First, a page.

The Chairman of the FCA, John Griffith-Jones, delivered a speech at the TheCityUK Annual Conference reflecting on the regulation of the UK and global industry post-crisis.
He dealt with three questions:
- How does the industry set about thinking through in short order what its strategy is in the post crisis, post Brexit era?
- What can we regulators learn from the past about successful regulatory policy, and its inter connectedness with other global authorities and initiatives?
- How important will ‘conduct’ be in the future?
He emphasised the importance of the sector linking in with the government and the regulators on their strategic priorities noting: “The position is uncertain and it will not be settled for some time. But it is important for firms to resist the temptation to cite chicken and egg - 'we cannot design a strategy without knowing the rules'. It is important for the UK that, at the appropriate moment, you are able to inform the Government where your major opportunities and risks lie, along with other industries, as it forms its plans for the negotiation of our exit. The FCA will, of course, be working closely with the other authorities in this process.”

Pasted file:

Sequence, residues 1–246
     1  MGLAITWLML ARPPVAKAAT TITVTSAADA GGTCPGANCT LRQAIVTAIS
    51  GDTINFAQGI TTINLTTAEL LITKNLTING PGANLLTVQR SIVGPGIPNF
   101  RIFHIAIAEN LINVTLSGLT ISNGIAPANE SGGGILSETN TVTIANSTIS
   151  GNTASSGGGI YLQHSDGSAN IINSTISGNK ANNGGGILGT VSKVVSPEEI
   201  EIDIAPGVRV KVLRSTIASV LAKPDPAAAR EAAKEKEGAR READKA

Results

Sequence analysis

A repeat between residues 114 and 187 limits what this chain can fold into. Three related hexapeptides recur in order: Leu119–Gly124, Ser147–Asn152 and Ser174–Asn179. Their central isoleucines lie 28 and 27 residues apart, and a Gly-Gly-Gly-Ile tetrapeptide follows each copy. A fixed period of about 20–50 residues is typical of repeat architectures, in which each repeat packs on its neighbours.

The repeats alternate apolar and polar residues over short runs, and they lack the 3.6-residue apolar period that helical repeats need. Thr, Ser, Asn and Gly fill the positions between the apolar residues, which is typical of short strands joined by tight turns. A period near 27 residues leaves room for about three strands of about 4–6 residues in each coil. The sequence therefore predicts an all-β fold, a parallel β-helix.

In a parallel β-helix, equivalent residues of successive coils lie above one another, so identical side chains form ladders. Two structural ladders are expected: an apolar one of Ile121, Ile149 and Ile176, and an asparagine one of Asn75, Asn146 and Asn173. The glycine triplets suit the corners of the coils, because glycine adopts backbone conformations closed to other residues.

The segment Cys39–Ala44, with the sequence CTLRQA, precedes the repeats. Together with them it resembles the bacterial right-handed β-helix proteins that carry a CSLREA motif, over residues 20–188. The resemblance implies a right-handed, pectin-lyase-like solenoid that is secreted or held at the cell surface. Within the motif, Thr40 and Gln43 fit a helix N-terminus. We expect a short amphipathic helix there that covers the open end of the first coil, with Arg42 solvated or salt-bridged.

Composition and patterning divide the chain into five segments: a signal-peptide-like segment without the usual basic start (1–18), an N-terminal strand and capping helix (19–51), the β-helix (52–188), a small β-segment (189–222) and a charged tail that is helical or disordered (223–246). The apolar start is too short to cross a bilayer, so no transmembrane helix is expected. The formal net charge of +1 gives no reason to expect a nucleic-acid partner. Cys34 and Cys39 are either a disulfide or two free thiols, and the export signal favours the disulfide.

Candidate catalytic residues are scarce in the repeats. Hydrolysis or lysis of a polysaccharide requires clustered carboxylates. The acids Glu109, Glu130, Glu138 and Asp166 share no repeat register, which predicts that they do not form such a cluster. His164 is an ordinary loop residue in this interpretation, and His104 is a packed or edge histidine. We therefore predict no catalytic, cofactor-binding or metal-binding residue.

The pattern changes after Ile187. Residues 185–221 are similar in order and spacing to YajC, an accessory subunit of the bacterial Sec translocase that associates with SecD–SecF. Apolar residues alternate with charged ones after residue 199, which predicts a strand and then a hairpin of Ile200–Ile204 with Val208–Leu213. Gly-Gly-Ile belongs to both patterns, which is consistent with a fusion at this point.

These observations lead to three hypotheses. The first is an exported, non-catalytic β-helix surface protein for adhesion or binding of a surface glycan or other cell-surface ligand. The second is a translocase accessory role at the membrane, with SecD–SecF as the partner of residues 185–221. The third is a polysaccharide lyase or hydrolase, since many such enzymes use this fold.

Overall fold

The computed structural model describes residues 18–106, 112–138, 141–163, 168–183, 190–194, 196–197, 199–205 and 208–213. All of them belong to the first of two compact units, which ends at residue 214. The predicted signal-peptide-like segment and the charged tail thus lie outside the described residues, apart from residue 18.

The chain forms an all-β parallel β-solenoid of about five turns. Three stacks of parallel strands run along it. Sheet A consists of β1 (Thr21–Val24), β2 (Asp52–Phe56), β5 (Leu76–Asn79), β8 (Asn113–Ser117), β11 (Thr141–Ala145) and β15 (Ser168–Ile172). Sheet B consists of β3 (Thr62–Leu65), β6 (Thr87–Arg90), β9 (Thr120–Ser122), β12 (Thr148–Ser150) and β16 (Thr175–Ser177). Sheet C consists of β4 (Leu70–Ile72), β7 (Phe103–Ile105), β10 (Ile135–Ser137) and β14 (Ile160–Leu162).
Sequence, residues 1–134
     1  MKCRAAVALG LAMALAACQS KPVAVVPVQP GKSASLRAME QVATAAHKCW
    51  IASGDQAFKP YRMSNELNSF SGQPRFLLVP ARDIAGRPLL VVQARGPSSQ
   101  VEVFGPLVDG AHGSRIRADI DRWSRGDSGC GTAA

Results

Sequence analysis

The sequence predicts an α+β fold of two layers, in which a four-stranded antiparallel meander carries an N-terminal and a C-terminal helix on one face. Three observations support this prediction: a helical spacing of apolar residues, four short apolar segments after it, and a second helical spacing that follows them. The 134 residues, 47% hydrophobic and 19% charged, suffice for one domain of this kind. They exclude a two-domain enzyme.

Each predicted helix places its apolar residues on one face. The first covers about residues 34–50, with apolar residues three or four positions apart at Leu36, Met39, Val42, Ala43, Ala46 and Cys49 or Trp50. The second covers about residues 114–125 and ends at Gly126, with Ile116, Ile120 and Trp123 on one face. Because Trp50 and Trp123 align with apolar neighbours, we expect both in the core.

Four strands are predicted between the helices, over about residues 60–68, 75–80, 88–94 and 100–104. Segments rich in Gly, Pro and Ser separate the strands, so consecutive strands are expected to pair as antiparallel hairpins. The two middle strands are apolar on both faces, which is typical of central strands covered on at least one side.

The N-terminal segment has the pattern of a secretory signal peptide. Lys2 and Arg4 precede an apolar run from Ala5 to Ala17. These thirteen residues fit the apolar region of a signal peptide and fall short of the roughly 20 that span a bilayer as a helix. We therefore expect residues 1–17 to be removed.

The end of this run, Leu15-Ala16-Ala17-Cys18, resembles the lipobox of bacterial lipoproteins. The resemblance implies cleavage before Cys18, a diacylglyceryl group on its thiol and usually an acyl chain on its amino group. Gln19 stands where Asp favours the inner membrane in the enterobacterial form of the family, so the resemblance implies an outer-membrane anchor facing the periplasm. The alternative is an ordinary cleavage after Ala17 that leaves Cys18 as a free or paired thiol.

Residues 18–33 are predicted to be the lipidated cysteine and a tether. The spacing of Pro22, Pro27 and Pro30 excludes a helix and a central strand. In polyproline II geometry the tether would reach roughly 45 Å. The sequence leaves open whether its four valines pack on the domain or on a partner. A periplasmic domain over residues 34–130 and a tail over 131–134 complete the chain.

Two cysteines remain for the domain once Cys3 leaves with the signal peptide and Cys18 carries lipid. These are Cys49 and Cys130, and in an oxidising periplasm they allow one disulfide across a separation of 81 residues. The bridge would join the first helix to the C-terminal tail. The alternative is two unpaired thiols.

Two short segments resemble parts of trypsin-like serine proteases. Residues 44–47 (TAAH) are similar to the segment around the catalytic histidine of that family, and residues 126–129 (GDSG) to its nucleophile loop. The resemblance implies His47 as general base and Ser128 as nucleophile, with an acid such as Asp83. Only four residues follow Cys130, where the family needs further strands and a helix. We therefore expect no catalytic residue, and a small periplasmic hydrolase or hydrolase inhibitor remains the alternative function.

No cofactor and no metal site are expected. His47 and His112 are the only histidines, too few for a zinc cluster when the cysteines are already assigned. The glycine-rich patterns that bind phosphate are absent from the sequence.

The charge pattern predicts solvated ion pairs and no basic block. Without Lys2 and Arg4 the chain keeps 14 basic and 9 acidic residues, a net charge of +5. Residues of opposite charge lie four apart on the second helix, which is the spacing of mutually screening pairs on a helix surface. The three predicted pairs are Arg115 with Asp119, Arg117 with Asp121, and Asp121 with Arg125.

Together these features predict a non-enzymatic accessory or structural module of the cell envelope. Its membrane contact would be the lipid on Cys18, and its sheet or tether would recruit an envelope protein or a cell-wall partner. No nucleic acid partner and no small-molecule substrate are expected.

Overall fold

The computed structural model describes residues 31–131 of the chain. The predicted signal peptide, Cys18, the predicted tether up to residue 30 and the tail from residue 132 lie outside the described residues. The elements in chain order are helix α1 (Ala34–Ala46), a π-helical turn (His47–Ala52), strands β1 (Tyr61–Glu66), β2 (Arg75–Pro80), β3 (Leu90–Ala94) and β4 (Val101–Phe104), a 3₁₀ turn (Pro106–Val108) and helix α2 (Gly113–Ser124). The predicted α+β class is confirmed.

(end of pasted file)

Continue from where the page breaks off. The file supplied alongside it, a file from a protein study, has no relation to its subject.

He also made clear that for now, nothing changes and the FCA will continue to do its ‘day job’. For future regulation, it is clear that the direction of travel is for international convergence and the UK will seek to act, where possible, in concert with the rest of the world, including the EU. That will mean working with the European authorities, and global bodies such as the FSB and IOSCO. Mr Griffith-Jones emphasised that bilateral relationships with fellow regulators in many countries will continue to be of great importance. Nonetheless, Mr Griffith-Jones acknowledged that the UK can, and is willing, to go it alone where appropriate, giving the Senior Manager Regime as an example.
Conduct will continue to be very important. The referendum result has not changed that. The challenge is for firms and their leaders to instil a culture that supports an ambition to remain the premier capital market in the world, something which, in his view, must involve putting customers first.